VAT Manuals
VAT Germany Guide

VAT Germany Guide

Read our guide and find out everything you need to know about VAT in Germany, from registration to filing, and more.

Germany is Europe’s largest economy, and therefore a great place to expand your business. If you’re thinking about selling in Germany, there’s a very good chance that you’ll need to register for VAT. Read our VAT Germany guide to find out more.

What is the German VAT rate?

VAT (Value Added Tax) in Germany is known as Mehrwertsteuer (MWSt). The standard German VAT rate is 19% and the reduced rate is 7%. In response to the Covid-19 pandemic, the German government temporarily reduced VAT from 19% to 7% on meals sold in restaurants and via other catering services. The change will remain in effect until at least December 31st, 2023.

Type of VAT VAT Rate Applicable Goods/Services
Standard VAT rate 19% Includes pharmaceutical products, pay TV/cable, clothing, hairdressing, and certain foodstuffs.
Reduced VAT rate 7% Includes books, medical equipment, newspapers, periodicals, admission to cultural services, restaurants, and hotel accommodation.

Registering for VAT in Germany

For resident businesses in Germany, the VAT registration threshold is €22,000. So if your turnover exceeds these thresholds, you must register for VAT.

Following new EU-wide rules introduced on July 1, 2021, the distance selling threshold in Germany is now €10,000, the same as all other EU countries. If your annual cross-border sales exceed €10,000, you must submit a VAT return. This is also the case if you store products in Germany or are signed up to an FBA program (Fulfilled-by-Amazon) that includes Germany.

German VAT registration must be done at the office allocated to the country where your business resides. For example, if your company is based in France, the correct tax office to apply at would be Offenburg, whereas if it’s located in the UK, Hanover is where you would apply for your German VAT number.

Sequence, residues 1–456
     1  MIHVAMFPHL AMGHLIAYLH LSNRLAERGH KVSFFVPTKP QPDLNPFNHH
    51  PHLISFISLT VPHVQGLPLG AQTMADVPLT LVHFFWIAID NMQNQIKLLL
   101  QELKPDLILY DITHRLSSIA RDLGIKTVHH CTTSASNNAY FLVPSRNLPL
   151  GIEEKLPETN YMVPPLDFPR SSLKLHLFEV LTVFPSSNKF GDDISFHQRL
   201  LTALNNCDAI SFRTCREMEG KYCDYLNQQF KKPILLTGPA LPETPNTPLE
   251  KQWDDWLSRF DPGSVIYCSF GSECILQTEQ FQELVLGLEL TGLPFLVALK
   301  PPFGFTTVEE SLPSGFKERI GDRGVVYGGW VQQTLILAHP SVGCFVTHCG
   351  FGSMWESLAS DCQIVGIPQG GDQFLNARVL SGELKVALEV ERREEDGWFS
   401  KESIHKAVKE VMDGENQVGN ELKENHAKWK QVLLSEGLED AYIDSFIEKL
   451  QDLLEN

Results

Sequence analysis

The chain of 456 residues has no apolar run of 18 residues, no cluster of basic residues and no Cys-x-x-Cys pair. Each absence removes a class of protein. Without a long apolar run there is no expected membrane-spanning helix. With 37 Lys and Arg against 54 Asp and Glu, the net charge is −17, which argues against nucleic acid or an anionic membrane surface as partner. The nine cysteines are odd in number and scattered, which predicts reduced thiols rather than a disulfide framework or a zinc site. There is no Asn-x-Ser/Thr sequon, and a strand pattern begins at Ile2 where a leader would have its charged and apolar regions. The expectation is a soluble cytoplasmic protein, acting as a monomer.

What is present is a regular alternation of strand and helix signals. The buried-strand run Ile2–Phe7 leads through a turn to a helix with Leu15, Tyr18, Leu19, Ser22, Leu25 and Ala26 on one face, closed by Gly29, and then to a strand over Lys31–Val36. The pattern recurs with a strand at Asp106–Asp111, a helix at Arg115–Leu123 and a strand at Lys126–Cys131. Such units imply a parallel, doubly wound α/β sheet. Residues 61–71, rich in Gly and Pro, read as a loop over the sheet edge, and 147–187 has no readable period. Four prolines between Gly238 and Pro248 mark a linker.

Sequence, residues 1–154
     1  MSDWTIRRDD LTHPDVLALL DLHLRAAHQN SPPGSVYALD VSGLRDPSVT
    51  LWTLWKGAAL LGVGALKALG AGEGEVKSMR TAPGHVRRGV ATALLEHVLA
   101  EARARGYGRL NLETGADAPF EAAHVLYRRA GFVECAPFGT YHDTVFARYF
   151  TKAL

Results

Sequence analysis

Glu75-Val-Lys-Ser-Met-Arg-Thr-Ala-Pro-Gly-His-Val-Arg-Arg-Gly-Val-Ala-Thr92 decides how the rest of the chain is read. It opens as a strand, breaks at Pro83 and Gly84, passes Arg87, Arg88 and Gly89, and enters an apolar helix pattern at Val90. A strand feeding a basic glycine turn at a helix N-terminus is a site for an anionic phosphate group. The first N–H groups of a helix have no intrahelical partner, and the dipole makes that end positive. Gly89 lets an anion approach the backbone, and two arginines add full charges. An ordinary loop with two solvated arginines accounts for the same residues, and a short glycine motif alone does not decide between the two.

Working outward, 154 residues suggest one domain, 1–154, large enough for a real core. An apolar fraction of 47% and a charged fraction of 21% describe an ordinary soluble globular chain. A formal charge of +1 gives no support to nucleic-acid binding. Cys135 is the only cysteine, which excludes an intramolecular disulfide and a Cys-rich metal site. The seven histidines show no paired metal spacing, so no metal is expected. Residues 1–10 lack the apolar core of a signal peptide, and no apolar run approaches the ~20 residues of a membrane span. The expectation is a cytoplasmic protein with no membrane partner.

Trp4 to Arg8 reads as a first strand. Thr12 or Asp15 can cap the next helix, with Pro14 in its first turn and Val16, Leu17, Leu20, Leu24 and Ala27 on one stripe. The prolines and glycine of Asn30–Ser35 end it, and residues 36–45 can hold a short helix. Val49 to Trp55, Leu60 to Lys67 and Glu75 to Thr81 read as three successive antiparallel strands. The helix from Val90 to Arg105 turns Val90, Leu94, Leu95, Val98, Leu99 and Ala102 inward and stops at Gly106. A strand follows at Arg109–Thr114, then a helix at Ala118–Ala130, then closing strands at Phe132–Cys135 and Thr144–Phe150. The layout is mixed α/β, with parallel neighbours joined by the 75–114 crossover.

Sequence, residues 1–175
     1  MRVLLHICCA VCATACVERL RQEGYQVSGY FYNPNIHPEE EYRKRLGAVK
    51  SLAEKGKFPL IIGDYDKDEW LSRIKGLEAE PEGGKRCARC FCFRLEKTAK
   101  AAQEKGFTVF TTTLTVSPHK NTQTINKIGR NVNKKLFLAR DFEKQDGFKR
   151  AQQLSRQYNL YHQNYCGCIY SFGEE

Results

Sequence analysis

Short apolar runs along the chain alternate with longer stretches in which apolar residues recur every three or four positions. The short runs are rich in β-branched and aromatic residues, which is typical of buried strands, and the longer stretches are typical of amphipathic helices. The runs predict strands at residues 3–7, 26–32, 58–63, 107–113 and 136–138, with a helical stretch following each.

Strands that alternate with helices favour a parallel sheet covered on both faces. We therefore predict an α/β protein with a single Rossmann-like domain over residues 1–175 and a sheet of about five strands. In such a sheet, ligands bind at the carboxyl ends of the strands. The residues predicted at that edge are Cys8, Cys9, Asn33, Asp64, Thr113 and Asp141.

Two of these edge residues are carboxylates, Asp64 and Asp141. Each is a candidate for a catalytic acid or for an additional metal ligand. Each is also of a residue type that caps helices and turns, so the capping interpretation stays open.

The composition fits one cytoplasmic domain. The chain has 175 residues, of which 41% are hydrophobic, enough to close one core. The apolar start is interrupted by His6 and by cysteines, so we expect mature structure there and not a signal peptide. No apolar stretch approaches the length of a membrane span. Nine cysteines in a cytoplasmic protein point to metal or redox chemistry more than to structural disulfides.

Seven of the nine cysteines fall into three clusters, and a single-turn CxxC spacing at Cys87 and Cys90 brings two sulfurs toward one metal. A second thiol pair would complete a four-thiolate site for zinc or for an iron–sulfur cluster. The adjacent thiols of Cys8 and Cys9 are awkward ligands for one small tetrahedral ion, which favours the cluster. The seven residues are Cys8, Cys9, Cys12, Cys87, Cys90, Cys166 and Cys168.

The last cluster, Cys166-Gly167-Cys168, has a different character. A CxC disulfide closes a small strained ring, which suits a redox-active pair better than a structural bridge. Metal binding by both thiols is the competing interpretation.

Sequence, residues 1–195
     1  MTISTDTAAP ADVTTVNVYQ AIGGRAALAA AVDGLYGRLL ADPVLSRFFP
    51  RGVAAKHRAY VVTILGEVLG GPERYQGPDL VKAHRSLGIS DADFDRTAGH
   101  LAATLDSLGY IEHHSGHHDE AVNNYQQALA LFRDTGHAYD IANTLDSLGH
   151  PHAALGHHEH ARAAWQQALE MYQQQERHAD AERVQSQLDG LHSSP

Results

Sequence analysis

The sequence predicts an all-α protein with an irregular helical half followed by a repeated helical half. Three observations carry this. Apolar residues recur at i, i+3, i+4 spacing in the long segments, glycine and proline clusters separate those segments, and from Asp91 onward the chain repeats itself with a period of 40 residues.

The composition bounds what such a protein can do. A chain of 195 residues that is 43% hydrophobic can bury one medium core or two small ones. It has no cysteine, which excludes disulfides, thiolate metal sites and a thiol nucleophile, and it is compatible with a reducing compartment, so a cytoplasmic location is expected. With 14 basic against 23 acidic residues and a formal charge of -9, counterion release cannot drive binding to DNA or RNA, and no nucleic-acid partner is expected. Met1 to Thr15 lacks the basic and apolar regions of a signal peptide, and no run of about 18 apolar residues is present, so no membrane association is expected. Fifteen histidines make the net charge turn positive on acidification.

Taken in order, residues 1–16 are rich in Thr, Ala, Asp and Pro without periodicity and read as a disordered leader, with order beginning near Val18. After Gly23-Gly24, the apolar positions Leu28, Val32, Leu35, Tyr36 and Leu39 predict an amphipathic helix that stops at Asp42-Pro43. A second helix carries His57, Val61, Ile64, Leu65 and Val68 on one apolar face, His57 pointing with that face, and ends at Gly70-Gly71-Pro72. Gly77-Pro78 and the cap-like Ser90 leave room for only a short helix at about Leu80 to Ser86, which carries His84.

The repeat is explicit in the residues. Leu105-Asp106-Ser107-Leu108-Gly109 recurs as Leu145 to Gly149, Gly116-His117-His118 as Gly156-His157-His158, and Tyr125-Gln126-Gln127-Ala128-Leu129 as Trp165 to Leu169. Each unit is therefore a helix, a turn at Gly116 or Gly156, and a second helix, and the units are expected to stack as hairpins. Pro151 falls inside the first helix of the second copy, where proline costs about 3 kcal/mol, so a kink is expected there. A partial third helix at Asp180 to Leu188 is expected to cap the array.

Fiscal representative in Germany

Neither EU nor non-EU companies operating in Germany are required to appoint a fiscal representative.

German VAT return filing and penalties

When and how often you need to submit your German VAT returns will depend on the annual turnover for the previous year. The tax office responsible for your VAT returns will communicate this to you. There are three options:

Monthly: You must submit your VAT returns each month for the next year if your VAT liability was greater than €7,500 the year prior.

Quarterly: If your VAT liability from the previous year was between €1,000 and €7,500 you must file your VAT returns every three months.

Annually: You must submit your VAT returns every year if your previous year's VAT liability was less than €1,000.

It may be the case that you don’t have figures from previous years because, for example, your company is new. In this scenario, you’ll be asked to estimate the annual turnover, from which the tax office will let you know when and how often to file your German VAT returns.

German VAT filings are due on the 10th of the month following the relevant tax period (monthly and quarterly) and on May 31st of the following year for annual returns. VAT returns must be filed electronically via Elster.

If a German VAT return is filed late, your company will be subject to a late filing penalty of 10% of the VAT due (up to a maximum of €25,000). Late payments will incur a charge of 1% of the VAT due for every month the VAT is not paid.

German Intrastat declarations

Both resident and non-resident businesses in Germany who are eligible should submit Intrastat returns. These returns need to be filed by the 10th of the month, and failure to do so could result in fines. The annual threshold for filing an Intrastat return is €800,000 for arrivals and €500,000 for dispatches.

Reverse charge in Germany

The reverse charge mechanism shifts the responsibility for reporting and paying VAT from the supplier to the recipient of goods or services. In Germany, it applies to transactions involving EU cross-border supplies as well as specific industries. Under the reverse charge, the recipient accounts for both input and output VAT on their VAT return. The supplier does not need to be VAT-registered in Germany.

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when an unknown printer took a galley of type and scrambled it to make a type specimen book. It has survived not only five centuries
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